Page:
In the ninth century and earlier, Sanskrit literary theory examined in great depth what it called lakshana, secondary meaning and the relations between the primary and the secondary referents. These are based either on the category of sadrsya, similarity or on sadrsyetara, relations other than similarity, such as samavaya or sahacarya or association, and samipya or sannidhya or proximity. The two categories correspond to gauni lakshana, metaphor and suddha lakshana, metonymy respectively.
. . . Metaphor, as we know it today, consists in merging two items which are similar, one being the tenor and the other the vehicle; the vehicle can be said to be inserted into the tenor. Metonymy, on the other hand, juxtaposes two items making them contiguous, and also binds or combines them. While defining metaphor as based on similarity, a qualification has been added, favouring the maintenance of a distance or disparity between the two elements. Modernism has pushed this farther and advocated incongruity and even opposition. . . .
There is no evidence in Paniker’s essays that he has borrowed from Derrida or Jakobson or Sanskrit theory. What they do show is that he has evolved his concept of antassannivesha/uparisannivesha from the traditional antara/bahya, inside/outside opposition, which we have translated as ingrafting/ongrafting. To clarify the dichotomy, he invokes another pair of contraries; paroksha/pratyaksha, obscure/manifest. Ingrafting has the effect of rendering the text relatively opaque and difficult. Ongrafting makes for transparency, lucidity, directness.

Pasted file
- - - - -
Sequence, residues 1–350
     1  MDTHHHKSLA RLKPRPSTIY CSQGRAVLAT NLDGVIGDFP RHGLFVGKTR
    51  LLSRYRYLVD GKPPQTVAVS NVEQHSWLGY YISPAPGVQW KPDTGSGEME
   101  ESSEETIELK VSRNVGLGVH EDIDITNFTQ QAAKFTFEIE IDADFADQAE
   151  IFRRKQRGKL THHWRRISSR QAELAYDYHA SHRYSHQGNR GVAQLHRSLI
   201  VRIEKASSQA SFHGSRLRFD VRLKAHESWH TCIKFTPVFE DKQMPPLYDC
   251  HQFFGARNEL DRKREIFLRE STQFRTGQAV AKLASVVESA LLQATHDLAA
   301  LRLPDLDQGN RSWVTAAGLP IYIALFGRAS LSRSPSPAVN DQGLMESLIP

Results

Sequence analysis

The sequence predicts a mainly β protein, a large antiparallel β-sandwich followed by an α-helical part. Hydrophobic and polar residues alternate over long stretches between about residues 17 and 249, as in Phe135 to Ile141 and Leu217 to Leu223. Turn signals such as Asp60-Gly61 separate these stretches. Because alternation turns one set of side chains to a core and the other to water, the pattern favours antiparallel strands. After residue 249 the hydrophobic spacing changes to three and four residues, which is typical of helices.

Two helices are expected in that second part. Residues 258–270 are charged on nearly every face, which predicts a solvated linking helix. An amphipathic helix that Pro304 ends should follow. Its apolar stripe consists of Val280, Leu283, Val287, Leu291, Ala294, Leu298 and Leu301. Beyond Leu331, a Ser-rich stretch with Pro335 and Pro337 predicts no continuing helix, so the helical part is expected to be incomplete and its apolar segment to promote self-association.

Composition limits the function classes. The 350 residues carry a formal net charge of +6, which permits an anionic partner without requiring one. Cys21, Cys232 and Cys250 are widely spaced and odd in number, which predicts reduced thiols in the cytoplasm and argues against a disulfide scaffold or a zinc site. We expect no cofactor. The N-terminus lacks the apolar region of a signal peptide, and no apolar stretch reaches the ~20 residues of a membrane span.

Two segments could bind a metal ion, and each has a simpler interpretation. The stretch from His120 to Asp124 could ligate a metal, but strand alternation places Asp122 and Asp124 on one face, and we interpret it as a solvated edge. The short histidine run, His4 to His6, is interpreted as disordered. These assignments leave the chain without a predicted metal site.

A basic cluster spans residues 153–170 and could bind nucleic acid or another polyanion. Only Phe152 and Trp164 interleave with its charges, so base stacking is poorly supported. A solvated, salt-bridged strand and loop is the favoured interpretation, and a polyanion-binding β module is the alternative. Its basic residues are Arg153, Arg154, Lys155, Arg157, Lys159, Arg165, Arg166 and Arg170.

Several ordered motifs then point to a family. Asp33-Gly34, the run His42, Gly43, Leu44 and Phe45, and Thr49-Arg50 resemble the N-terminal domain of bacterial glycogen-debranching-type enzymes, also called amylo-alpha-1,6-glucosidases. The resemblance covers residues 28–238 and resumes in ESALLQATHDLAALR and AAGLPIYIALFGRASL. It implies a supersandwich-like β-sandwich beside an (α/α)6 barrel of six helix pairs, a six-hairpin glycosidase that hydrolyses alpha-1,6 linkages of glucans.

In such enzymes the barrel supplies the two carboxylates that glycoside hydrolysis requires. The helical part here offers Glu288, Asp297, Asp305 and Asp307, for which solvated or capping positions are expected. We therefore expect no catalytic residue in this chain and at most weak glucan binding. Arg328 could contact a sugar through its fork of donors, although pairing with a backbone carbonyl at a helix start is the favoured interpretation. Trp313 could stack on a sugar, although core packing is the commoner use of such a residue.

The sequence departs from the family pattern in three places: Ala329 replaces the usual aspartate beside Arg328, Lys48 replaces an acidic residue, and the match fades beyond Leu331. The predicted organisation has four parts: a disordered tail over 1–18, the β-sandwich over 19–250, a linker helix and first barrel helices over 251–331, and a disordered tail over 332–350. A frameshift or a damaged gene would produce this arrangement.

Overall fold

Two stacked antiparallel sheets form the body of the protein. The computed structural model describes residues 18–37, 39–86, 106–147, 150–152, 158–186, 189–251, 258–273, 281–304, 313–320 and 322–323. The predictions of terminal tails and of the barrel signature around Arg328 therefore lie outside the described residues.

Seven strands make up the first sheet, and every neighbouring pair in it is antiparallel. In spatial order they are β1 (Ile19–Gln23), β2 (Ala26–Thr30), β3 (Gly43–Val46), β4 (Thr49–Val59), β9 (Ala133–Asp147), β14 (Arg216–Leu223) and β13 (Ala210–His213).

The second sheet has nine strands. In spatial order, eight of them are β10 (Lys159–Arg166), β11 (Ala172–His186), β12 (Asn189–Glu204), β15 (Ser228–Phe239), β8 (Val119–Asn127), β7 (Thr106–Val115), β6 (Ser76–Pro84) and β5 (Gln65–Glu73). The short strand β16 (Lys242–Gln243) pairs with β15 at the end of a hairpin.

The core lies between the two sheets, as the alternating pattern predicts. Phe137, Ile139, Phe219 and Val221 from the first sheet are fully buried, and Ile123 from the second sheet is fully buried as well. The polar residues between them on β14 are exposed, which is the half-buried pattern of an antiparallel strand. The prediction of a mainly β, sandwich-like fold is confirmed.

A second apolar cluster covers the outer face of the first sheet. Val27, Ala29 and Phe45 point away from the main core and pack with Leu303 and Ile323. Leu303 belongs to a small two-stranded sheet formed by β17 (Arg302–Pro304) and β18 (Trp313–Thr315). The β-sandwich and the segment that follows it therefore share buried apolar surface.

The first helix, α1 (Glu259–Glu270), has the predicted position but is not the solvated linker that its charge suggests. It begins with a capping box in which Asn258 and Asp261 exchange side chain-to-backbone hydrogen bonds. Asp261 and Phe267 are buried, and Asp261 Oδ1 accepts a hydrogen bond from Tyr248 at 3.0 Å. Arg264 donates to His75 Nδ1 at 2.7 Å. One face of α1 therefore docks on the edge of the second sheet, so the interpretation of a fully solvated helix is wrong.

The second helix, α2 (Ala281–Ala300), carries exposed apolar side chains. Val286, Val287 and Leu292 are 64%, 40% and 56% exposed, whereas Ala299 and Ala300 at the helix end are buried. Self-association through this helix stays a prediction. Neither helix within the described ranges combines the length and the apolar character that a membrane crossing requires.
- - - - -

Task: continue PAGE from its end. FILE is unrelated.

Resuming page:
A statement like this on a high level of generality does not perhaps throw enough light on the nuances of Paniker’s theory, and we have to turn to the illustrations that he cites. The first is the vision of Krishna described in Ezhuthacchan’s celebrated passage. In the Kurukshetra battle, Arjuna and Karna are seeking each other out for the final confrontation, and Karna asks Shalya, his charioteer, where Arjuna is; but Shalya describes not Arjuna, but Krishna, as the two bear down on them. The description turns out to be not anything from the Mahabharata text, but a rapturous paean created by Ezhuthacchan celebrating the form of his chosen god, sculpted as on marble on his meditating consciousness. In order to do so, the bounds of plot and character have been broken, halting the course of the battle in one of the great climactic moments. Writing his own being into the objectivity and universality of the epic, stamping the traditionally sanctified image of Krishna with his own individual spirituality, dissolving the ecstasy within his own self into the cast-iron impersonality of the formidable epic, and locating the vision of the divine in the eyes of the adversary’s charioteer — only ingrafting could make these daring manoeuvres possible.